Standard Operating Procedures in Human Resources
Implementing standard operating procedures is important, because you want easy work routines for employees to follow. SOPs reduce the need for you and your employees to start from scratch every time you want to complete a task or make a decision. In human resources, SOPs help you treat employees fairly and maintain appropriate documentation for their personnel files.
A procedure includes steps involved in a task. Explain a procedure using a bulleted or numbered list of statements or using a flowchart. This latter diagram is a series of connected shapes, usually with arrows indicating directions. A numbered list is sufficient for procedures involving simple steps. A more complicated procedure with many steps could require creating a hierarchical list, such as letters and Roman numerals or drawing a flowchart. Use a procedure to document your hiring process, including a checklist of all documents that must be completed for a new hire.
Standard operating procedures are more helpful for HR staff when they include details on implementation. For each procedure, provide the title of the position responsible for overseeing the procedure, such as the director of human resources. Include a list of potential users who might complete the procedure and the approvals they must obtain at different stages of a procedure. Indicate the timelines that apply to a procedure and its component parts. For example, charge an HR specialist with completing a new hire checklist -- including all documentation of the hiring process -- within 30 days of a new employee's hire date.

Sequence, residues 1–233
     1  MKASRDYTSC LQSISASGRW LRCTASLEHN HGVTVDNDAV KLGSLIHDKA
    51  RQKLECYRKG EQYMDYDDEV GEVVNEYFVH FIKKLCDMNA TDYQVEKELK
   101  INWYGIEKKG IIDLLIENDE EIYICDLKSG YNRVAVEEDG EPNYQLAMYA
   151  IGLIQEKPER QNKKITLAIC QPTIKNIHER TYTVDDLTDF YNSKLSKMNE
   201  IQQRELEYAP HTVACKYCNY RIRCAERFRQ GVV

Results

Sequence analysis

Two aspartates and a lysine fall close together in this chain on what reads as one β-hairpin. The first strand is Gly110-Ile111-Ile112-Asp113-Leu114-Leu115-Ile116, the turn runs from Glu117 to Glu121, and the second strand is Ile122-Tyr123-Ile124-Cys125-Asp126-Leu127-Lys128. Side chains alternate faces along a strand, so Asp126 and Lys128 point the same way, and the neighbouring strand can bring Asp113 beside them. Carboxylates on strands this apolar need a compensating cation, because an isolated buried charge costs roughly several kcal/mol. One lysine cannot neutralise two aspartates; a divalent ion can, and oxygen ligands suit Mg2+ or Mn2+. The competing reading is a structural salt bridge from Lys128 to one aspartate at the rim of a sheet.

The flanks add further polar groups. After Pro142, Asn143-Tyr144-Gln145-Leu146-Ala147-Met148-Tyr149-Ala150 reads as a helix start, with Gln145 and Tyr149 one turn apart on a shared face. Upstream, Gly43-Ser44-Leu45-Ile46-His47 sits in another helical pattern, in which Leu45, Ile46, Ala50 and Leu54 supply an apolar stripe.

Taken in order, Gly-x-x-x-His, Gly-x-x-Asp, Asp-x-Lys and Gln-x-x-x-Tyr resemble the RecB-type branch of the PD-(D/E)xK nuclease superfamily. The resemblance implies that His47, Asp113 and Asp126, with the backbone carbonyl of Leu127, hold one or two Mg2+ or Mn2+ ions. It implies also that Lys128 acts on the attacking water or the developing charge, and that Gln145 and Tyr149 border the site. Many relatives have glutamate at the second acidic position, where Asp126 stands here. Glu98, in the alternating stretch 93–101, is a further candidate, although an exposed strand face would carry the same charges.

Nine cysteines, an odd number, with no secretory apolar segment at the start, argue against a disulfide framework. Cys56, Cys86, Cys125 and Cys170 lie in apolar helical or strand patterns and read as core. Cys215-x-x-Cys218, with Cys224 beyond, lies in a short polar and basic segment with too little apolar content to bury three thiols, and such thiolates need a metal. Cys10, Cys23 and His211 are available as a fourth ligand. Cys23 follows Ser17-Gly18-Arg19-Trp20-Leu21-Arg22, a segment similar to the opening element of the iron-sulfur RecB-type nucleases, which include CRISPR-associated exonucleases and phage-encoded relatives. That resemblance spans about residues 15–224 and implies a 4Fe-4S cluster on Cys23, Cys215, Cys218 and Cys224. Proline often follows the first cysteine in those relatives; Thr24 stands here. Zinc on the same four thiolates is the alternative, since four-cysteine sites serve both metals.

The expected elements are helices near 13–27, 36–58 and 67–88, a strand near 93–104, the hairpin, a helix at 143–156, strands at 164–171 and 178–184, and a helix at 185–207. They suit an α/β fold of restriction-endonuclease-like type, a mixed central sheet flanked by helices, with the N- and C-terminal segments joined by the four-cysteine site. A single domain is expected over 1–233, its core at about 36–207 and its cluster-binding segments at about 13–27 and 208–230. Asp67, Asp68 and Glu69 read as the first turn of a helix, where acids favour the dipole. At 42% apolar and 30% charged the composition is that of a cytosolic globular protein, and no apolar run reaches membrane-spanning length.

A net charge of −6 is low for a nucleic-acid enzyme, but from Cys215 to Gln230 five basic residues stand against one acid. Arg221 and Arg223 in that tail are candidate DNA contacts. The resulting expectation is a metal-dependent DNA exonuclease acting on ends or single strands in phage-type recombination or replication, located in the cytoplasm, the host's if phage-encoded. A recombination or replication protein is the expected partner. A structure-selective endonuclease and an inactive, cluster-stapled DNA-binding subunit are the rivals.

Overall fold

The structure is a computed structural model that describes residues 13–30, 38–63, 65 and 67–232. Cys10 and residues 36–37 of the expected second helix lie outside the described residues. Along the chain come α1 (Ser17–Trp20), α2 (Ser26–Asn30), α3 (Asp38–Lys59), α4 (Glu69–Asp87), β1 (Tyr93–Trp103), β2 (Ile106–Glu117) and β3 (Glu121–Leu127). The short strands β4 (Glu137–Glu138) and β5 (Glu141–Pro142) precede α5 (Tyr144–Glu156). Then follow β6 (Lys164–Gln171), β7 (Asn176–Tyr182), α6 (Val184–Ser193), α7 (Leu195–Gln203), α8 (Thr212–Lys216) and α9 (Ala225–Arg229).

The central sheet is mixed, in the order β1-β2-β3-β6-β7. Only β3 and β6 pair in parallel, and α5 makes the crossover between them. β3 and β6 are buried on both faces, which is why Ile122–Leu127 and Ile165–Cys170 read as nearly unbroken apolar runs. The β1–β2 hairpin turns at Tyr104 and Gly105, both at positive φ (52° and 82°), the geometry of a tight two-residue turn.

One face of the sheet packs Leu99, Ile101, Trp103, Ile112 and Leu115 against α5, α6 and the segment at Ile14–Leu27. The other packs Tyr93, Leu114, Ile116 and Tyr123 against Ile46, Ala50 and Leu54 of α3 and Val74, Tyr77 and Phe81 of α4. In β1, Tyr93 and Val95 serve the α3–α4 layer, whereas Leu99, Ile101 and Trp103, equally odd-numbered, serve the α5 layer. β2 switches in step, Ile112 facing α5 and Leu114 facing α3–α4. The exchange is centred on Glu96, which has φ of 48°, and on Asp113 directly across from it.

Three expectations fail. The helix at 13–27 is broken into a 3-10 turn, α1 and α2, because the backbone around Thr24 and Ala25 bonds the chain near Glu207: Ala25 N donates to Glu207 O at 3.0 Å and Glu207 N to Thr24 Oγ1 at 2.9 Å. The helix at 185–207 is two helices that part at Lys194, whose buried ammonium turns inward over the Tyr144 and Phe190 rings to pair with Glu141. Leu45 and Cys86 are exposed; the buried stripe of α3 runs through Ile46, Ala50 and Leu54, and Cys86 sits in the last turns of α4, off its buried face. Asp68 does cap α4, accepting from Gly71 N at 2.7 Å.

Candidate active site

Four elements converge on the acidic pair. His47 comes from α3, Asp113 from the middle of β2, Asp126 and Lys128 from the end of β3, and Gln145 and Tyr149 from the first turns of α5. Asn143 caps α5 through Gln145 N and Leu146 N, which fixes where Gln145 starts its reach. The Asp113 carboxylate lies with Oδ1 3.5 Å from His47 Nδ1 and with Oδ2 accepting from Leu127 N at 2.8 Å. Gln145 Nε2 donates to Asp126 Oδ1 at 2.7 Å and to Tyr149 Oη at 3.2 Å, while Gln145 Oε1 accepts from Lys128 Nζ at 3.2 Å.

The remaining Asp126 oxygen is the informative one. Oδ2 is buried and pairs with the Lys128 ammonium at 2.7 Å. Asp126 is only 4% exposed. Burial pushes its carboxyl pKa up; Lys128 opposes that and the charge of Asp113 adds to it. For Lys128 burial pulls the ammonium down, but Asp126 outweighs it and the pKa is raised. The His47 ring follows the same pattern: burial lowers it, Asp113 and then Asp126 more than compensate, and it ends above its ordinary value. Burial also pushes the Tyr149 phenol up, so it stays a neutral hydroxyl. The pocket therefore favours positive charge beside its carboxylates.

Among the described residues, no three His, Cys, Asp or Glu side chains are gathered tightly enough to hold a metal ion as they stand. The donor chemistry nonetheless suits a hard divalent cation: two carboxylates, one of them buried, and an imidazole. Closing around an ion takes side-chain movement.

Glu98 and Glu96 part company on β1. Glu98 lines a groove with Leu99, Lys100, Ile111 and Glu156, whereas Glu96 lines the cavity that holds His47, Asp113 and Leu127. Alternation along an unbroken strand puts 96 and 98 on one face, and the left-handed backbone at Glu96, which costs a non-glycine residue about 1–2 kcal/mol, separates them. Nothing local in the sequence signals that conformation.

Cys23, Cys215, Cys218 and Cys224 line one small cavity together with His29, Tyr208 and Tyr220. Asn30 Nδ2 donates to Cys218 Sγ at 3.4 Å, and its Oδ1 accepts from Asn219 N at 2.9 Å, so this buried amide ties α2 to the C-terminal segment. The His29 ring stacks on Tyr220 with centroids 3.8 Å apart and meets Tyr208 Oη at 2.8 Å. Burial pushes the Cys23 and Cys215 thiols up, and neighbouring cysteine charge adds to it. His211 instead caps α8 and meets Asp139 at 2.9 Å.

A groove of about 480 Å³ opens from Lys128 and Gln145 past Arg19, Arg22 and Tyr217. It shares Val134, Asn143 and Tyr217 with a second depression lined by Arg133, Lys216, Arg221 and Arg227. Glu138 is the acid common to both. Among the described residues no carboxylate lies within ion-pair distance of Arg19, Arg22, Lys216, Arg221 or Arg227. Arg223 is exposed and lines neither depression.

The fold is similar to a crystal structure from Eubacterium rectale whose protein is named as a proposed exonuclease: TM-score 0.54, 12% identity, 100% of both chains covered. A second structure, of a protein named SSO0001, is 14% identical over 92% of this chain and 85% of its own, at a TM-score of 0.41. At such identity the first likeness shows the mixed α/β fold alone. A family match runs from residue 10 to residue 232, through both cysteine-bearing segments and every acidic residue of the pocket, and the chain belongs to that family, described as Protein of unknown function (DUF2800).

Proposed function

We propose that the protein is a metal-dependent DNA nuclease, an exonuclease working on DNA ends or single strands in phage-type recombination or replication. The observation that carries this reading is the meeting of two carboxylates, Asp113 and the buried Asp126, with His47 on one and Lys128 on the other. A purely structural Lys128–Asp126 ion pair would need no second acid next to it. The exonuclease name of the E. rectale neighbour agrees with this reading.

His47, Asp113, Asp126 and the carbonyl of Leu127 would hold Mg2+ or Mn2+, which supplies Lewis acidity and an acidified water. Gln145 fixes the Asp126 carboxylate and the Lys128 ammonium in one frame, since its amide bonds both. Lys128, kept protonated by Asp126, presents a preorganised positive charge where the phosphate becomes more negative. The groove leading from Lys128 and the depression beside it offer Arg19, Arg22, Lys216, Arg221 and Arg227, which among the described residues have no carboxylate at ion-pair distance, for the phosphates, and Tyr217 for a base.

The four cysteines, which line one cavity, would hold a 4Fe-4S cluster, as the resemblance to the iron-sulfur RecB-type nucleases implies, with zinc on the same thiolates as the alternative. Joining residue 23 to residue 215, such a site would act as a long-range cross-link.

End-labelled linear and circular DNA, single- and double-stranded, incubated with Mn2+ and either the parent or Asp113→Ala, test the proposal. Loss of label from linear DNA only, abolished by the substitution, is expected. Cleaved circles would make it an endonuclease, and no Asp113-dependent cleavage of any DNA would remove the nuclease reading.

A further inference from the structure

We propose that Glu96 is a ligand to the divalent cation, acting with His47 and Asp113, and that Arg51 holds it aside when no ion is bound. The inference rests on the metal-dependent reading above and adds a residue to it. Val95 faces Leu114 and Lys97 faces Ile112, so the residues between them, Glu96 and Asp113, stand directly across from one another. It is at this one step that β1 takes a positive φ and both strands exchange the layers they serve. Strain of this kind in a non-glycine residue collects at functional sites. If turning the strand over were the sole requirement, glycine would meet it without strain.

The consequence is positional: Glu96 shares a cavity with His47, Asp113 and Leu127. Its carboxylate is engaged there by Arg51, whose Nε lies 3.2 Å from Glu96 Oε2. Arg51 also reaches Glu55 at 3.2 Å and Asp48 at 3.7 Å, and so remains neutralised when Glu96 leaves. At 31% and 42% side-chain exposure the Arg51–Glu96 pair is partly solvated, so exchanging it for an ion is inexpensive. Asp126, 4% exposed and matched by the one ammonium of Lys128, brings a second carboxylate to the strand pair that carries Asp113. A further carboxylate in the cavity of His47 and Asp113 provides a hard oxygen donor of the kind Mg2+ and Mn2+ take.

In preparing SOPs, analyze all HR-related tasks in your small business. Many small businesses outsource one or more traditional HR functions. Your hiring procedure might include steps to complete a new hire's file that aren't performed by internal staff, such as sending all payroll documentation to an outsourced payroll company and sending an employee's records release and fingerprint card to a company that performs criminal background checks.
When you hire employees, you assume responsibilities as an employer. In addition to becoming responsible for documenting employees as legal workers in the U.S. and withholding income taxes from employee wages, you want to demonstrate other types of accountability. SOPs help you keep track of ways your company complies with federal and state laws -- especially in areas of equal opportunity, workplace safety, compensation and benefits and privacy.
Use standard operating procedures as training tools for people who join the HR department. Because government laws and rules are always changing, update HR procedures over time and share those updates with affected personnel. Employees may recommend improvements to SOPs based on prior HR experience and ongoing professional development in the field of human resources.